This summer the ASOR 2012 Heritage Fellowship gave me the exciting opportunity of spending a few weeks entrenched in the work of my academic “neighbors” in the field of archaeology. As a biblical studies student, Carol Meyers, Ann E. Killebrew, and other scholars have impacted me in their ability to deliberately “bridge” the gap between Bible an archaeology in their work. Consequently, I am able to walk away from this archaeological excavation with a much richer and fuller perspective on the engagement of these disciplines (Bible and archaeology) now from an experiential perspective.
As my first archaeological dig, I spent my time at Khirbet Qeiyafa. The opportunity to dig here was particularly significant because the finds from previous seasons are already changing the way we understand the development of urban spaces during the time of the United Monarchy. While at KQ I took the opportunity of spending time at a few “areas.” One area, cultic in nature, produced various interesting finds including small pottery shards with proto-Hebrew letters, and a huge basin, which, as our dig director Yossi remarked, was fit for the likes of Bathsheba (a little Bible humor). It was in this area I was able to work on the “floor” and found a small jugglet. In the bigger picture of archaeological finds it was certainly a small, insignificant find. Nevertheless, for me, as someone who spends their days studying the lives of these individuals in the ANE, it was special to be touching something from the Iron Age period.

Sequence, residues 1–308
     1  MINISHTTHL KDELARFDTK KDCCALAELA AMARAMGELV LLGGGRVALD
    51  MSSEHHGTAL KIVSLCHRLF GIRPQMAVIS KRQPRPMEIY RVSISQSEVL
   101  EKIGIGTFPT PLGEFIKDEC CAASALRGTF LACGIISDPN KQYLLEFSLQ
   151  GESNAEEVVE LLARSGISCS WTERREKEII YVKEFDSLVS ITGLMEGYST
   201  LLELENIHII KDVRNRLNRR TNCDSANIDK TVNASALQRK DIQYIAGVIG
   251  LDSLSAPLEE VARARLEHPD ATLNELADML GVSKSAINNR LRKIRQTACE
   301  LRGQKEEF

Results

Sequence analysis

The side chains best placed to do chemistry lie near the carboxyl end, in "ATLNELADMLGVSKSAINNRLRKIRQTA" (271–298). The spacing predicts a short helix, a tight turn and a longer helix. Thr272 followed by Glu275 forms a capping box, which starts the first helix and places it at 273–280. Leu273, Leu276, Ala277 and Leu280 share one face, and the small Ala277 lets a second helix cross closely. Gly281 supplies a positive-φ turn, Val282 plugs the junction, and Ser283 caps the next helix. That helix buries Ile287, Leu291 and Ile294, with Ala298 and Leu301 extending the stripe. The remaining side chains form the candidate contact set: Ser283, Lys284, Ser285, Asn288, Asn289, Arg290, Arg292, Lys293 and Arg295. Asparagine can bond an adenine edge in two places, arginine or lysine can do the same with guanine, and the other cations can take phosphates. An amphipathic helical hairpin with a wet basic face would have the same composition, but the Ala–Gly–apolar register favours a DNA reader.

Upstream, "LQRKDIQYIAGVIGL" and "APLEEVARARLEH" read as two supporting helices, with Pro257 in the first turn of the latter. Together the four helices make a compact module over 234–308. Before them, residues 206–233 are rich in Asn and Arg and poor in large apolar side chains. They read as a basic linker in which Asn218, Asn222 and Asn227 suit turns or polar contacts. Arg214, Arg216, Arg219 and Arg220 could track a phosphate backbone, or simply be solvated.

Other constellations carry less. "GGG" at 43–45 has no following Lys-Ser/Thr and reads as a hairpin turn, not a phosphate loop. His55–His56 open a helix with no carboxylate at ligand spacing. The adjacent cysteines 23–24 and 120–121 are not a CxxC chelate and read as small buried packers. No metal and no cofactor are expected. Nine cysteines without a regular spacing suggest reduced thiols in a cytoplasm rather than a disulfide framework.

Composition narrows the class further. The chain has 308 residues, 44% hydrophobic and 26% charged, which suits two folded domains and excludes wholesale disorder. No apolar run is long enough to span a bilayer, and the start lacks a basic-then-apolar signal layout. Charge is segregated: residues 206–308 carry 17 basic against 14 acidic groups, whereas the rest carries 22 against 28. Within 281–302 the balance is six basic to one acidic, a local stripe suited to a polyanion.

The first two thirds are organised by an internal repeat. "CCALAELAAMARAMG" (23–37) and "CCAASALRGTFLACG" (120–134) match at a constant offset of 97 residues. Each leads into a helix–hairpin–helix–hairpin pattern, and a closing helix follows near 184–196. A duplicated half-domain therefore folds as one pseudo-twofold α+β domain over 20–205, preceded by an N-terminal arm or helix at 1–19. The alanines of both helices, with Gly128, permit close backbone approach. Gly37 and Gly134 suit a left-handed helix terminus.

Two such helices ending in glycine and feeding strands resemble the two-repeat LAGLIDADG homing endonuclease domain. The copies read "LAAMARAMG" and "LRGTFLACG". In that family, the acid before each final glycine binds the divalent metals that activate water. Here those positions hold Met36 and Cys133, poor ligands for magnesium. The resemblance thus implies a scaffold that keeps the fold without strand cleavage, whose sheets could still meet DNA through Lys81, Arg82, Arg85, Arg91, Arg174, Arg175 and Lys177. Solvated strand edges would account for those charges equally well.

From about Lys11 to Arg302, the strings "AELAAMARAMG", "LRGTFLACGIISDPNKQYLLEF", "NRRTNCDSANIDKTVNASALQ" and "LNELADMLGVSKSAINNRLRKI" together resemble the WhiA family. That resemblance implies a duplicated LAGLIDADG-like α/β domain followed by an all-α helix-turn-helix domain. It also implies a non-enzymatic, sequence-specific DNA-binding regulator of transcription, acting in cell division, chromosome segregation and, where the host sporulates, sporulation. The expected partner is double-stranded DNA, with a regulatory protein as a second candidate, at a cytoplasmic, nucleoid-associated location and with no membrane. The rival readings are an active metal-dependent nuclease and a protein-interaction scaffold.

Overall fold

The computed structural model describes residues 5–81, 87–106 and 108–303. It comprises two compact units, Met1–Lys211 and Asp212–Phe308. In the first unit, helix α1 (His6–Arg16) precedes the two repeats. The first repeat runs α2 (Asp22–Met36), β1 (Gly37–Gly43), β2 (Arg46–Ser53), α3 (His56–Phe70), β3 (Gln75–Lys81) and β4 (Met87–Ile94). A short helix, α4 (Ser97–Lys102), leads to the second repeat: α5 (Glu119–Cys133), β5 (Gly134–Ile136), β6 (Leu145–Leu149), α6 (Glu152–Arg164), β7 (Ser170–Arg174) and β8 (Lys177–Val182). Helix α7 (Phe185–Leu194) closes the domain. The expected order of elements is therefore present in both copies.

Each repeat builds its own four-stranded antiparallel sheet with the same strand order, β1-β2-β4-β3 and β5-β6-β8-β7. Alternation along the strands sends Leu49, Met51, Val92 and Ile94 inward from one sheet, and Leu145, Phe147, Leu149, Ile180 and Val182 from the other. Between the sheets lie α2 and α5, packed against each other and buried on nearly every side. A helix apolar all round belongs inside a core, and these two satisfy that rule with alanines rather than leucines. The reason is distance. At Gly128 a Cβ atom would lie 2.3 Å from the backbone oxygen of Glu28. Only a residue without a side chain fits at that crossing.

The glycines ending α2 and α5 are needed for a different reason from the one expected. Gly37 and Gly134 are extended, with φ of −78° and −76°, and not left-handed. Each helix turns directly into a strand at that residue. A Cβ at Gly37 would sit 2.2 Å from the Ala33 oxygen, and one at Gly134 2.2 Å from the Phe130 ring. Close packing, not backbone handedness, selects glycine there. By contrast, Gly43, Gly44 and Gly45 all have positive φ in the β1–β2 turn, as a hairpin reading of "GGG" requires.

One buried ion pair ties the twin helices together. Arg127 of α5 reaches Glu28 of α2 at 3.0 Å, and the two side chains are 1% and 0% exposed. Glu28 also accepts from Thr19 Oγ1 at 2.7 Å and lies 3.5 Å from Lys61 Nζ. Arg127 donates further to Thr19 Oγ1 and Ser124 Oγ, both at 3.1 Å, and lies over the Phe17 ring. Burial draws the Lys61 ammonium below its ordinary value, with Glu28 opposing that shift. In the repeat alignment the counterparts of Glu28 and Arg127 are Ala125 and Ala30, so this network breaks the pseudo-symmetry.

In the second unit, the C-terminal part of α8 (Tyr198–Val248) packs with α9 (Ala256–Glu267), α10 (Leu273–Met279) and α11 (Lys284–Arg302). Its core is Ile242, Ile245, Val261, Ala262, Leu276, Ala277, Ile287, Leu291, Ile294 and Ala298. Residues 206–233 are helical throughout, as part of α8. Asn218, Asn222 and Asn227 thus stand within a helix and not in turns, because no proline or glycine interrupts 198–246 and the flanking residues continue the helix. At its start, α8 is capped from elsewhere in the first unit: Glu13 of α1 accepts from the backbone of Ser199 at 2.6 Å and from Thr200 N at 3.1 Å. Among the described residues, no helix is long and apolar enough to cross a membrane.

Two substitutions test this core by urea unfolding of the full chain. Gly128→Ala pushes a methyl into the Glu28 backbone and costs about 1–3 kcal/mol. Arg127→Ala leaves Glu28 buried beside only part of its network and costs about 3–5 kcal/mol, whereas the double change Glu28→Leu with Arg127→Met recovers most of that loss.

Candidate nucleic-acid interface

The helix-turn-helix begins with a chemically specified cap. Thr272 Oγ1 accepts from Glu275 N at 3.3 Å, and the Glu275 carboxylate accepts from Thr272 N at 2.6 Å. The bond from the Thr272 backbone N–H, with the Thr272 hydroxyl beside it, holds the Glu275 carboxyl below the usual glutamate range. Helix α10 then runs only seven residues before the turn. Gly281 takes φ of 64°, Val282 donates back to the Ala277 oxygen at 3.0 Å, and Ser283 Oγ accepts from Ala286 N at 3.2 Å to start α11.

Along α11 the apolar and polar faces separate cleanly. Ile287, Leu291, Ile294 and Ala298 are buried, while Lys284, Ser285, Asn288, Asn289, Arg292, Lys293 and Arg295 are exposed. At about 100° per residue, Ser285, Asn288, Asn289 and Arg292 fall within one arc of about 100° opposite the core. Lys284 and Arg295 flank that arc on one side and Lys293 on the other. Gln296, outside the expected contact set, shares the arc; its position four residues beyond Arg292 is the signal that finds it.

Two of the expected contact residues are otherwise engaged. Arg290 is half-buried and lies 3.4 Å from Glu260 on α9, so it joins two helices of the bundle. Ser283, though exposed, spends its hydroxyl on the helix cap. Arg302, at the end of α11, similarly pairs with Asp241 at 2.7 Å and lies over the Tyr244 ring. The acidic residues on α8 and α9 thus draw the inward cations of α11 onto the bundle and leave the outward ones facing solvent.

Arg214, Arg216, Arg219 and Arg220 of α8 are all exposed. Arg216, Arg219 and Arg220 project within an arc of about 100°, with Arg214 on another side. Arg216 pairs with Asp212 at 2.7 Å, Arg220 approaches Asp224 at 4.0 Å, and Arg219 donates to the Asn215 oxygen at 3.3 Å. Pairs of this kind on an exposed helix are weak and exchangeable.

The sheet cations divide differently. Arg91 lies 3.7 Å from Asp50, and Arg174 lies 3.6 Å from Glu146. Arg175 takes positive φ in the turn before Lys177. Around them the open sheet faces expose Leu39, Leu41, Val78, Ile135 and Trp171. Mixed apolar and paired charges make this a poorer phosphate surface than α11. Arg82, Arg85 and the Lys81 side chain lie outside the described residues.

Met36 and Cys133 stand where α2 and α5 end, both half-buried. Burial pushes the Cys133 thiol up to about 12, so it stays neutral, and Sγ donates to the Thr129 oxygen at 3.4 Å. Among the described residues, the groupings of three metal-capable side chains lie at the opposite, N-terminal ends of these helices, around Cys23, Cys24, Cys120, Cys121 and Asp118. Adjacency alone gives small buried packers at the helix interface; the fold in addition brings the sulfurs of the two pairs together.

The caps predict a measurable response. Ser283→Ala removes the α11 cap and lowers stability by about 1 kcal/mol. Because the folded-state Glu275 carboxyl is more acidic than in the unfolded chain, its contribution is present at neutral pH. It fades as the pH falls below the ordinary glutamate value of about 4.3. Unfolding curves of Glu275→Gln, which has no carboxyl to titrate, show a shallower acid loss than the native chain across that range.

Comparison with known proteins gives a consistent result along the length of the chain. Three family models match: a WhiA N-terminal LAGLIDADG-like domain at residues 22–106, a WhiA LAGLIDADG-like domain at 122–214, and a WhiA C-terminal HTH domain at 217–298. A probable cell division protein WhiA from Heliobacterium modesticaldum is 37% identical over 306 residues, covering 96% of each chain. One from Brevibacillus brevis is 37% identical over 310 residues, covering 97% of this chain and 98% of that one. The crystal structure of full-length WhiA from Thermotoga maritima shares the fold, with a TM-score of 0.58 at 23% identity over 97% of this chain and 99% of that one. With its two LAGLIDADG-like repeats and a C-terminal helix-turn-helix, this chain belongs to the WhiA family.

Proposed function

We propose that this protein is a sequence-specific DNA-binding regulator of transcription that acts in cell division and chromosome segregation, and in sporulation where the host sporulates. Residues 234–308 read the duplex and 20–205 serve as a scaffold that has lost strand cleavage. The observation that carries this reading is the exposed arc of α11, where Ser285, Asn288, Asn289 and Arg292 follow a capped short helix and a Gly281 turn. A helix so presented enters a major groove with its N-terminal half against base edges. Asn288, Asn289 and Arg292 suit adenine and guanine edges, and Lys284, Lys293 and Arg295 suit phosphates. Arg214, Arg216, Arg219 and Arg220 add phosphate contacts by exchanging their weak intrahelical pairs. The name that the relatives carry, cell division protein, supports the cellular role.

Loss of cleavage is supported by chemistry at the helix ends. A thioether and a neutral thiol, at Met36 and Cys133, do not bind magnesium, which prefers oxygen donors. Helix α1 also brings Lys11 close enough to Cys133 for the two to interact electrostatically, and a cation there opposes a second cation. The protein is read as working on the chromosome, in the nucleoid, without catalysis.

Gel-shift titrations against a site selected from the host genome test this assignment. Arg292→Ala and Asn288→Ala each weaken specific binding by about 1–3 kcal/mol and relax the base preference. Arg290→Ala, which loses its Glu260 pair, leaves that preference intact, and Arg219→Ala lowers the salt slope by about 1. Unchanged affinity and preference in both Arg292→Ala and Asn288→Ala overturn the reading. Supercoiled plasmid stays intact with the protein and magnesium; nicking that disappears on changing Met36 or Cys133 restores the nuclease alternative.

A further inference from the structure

There are a number of life long memories I take away from my experience at KQ, especially regarding the day to day routine. Being able to watch the sun rise over the Elah Valley every morning, as we were hard at work is truly priceless. At breakfast time I will never forget the taste of a classic Israeli breakfast complete with a tomato-cucumber salad, and a dollup of sour cream- or if you prefer, bowl after bowl of cottage cheese (mmm!). I will also always remember the joys of a good bucket chain (teamwork!), the interference of scorpions and poisonous worms in the midst of digging, and not to mention your classic maximalist/minimalist debate with those who have dedicated their lives to biblical archaeology (let’s just say Finkelstein was not too popular among our crowd). Or what about the disappointment felt at finding anything Byzantine (hey, what can you say? of course we had our ‘archaeological time period’ preferences!). Nevertheless, all of these memories are eclipsed by the opportunity the Heritage Fellowship gave me to be able to play a small part in illuminating what we all know about the lives of those who lived in the ancient Near East. This is why I will forever be grateful for the Heritage Fellowship and its impact upon students like me who would not have been able to participate without the generous contribution of ASOR’s donors.
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